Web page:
This rebranding article is a few years old, but definitely rings true today.
This rebranding article is a few years old, but definitely rings true today.
He’s the cover boy on this month’s I.D., has one book that’s tearing up the design press, another being made into a major motion picture, and his house has been featured in the NY Times. Where oh where do you go from there? To Michael Silverblatt’s public radio show “Bookworm.”
Kidd appears on today’s “Bookworm” to discuss his technique for taking what’s in the book he reads and putting it on the book he designs. Stream it live at 2:30pm PST or ‘cast it for later.
This isn’t something you hear a lot: designing for specific ages. Well, okay, maybe you hear about it for children, because, let’s face it, things for kids are cute and small and we’re getting all sorts of sappy goosebumps just talking about it. But, on the other end of the life spectrum (we just made that phrase up, so don’t go stealing it), you don’t hear much about designing for the elderly. That’s what made this republished article from ’91 in the RSA Journal, “Design and Elderly People” so interesting. The overall message? Don’t treat the elderly like idiots. It’s about that blatant. And thus, makes for a very compelling read. Here’s a short bit from the start:
Elderly people are not disabled. A shoe or saucepan designed for a disabled foot or hand is unlikely to suit an elderly foot or hand. Provided elderly people are considered at the right stage, all products should be suitable for young and old. “Design for the young and you exclude the old. Design for the old and you include the young,” said Professor Bernard Isaacs, of The Centre for Applied Gerontology, Birmingham.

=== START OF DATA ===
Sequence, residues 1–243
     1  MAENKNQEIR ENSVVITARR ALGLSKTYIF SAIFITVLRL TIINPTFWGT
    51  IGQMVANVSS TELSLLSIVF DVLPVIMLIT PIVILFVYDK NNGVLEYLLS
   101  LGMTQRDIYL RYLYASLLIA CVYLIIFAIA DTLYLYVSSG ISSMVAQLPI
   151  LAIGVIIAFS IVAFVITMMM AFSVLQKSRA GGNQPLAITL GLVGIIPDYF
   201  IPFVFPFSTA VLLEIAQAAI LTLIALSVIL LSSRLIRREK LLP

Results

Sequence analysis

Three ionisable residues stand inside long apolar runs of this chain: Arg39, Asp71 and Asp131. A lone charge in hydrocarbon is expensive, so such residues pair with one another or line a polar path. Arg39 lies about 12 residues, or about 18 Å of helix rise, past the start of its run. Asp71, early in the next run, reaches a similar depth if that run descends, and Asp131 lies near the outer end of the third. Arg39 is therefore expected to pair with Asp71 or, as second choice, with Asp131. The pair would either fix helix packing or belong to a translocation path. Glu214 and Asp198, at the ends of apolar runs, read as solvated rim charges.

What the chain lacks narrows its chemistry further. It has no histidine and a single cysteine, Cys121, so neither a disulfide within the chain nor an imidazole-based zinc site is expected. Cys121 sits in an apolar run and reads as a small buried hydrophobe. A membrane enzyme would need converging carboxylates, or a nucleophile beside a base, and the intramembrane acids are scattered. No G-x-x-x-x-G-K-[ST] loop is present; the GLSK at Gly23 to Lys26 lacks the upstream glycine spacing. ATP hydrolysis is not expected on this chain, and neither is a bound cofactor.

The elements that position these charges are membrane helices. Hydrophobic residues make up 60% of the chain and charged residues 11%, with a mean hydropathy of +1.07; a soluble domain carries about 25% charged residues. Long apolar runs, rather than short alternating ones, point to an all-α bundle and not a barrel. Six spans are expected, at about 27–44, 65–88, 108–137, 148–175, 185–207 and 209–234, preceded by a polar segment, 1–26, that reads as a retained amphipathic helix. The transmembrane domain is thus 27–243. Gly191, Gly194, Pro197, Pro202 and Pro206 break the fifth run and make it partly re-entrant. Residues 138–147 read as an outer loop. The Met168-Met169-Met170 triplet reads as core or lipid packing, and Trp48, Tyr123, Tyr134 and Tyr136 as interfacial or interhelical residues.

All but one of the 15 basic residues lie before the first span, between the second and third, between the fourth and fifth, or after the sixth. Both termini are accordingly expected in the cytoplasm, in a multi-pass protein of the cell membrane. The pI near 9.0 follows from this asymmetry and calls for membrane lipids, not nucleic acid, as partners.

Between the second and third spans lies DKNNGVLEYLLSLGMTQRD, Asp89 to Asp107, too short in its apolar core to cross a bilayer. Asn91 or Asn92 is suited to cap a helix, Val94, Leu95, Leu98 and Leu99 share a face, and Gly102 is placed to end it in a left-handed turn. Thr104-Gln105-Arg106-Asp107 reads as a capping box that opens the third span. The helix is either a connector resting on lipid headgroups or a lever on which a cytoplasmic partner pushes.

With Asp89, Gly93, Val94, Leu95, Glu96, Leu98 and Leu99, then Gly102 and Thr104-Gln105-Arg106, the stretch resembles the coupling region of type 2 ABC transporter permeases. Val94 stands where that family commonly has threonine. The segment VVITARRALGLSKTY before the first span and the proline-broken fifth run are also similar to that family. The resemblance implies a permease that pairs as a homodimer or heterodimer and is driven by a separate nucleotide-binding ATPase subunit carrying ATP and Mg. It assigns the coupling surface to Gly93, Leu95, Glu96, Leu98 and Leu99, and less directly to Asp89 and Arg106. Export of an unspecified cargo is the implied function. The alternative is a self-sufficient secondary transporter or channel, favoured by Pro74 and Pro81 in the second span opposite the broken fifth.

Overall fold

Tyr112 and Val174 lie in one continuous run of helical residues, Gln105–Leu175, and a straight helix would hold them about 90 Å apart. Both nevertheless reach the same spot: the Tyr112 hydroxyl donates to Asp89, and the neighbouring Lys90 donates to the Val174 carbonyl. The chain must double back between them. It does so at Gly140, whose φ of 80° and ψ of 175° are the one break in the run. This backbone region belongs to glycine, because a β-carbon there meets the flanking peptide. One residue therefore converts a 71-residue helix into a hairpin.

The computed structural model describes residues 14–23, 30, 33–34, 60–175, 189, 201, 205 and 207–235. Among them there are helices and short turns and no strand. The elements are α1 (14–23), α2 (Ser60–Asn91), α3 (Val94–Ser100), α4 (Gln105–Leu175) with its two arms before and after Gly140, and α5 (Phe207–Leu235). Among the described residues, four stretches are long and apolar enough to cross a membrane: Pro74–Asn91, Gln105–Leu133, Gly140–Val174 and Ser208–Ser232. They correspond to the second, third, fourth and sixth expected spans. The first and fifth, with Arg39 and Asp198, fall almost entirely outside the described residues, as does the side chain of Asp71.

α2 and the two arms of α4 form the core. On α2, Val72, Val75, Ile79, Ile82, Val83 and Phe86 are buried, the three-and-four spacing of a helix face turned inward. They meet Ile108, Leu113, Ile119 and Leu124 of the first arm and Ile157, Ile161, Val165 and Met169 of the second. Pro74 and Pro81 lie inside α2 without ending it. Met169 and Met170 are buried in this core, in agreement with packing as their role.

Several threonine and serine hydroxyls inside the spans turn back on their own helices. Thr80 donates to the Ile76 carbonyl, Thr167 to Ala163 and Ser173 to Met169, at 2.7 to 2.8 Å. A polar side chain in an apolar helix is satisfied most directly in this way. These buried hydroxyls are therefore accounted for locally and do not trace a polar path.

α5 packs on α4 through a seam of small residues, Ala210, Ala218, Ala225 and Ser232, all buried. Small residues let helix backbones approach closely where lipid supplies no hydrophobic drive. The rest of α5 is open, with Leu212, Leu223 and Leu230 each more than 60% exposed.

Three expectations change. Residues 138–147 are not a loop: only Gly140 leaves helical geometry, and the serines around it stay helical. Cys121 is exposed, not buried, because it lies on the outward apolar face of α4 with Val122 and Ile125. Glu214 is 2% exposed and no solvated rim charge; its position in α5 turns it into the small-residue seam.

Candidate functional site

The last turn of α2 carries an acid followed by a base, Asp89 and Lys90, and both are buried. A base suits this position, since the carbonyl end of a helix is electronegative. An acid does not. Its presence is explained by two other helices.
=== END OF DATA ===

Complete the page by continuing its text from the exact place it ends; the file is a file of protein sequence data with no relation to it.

If there’s one thing we know about designers, it’s that y’all work. Way…too…much. So perhaps on this fine Thursday we can ask you to turn down the hum of efficiency that surrounds your desk and read a few pieces that might make you re-think the meaning of that little four-letter word.
Everyone’s favorite NYTimes.com employee, Khoi Vinh, joins 37signals prez Jason Fried in the Think Tank today, discussing 37signals’ approach to designing. You’ll remember 37signals as the creators of the project management software like Backpack and Basecamp and Campfire (which enhance, improve and unencumber our lives daily–seriously, check ‘em out), so it makes sense that they try to approach their own work with a do less, have more philosophy.
One solution, which Fried alludes to in his interview, is the four day week, which seemed to work out okay for A List Apart writer Ryan Carson. So, you heard the men. Do something really productive for yourself today–and take tomorrow off.
Also another follow up, but this time from back in March, wherein this writer’s esteemed collegue wrote about the Ettore Sottsass exhibit as the LACMA. This time around, we found a recent, very terrific essay by the architect Peter Zellner at Domus about Sottass’ work, the exhibit itself, and his legacy in the world of design. You’ll have to register to read the whole thing, but the site is always running interesting bits like this, and it’s free, and it’s also in Italian, so it’s well worth it. Here’s a bit to get you started:
And, were he to visit the show, Brecht might also concur that Sottsass, perhaps more than any other present-day architect or designer, has time and again rejected not only good taste, or what Flaubert termed “…the level of stupidity attained by the bourgeois”, but he has also radically cast off any number of academic and disciplinary leanings in favour of a truly sovereign, self-determining and self-regulating cultural practice. If there is a Brechtian quality evident in Sottsass’s efforts it lies especially in the designer’s insightful recognition and acknowledgment of the affiliation between human relations and material culture.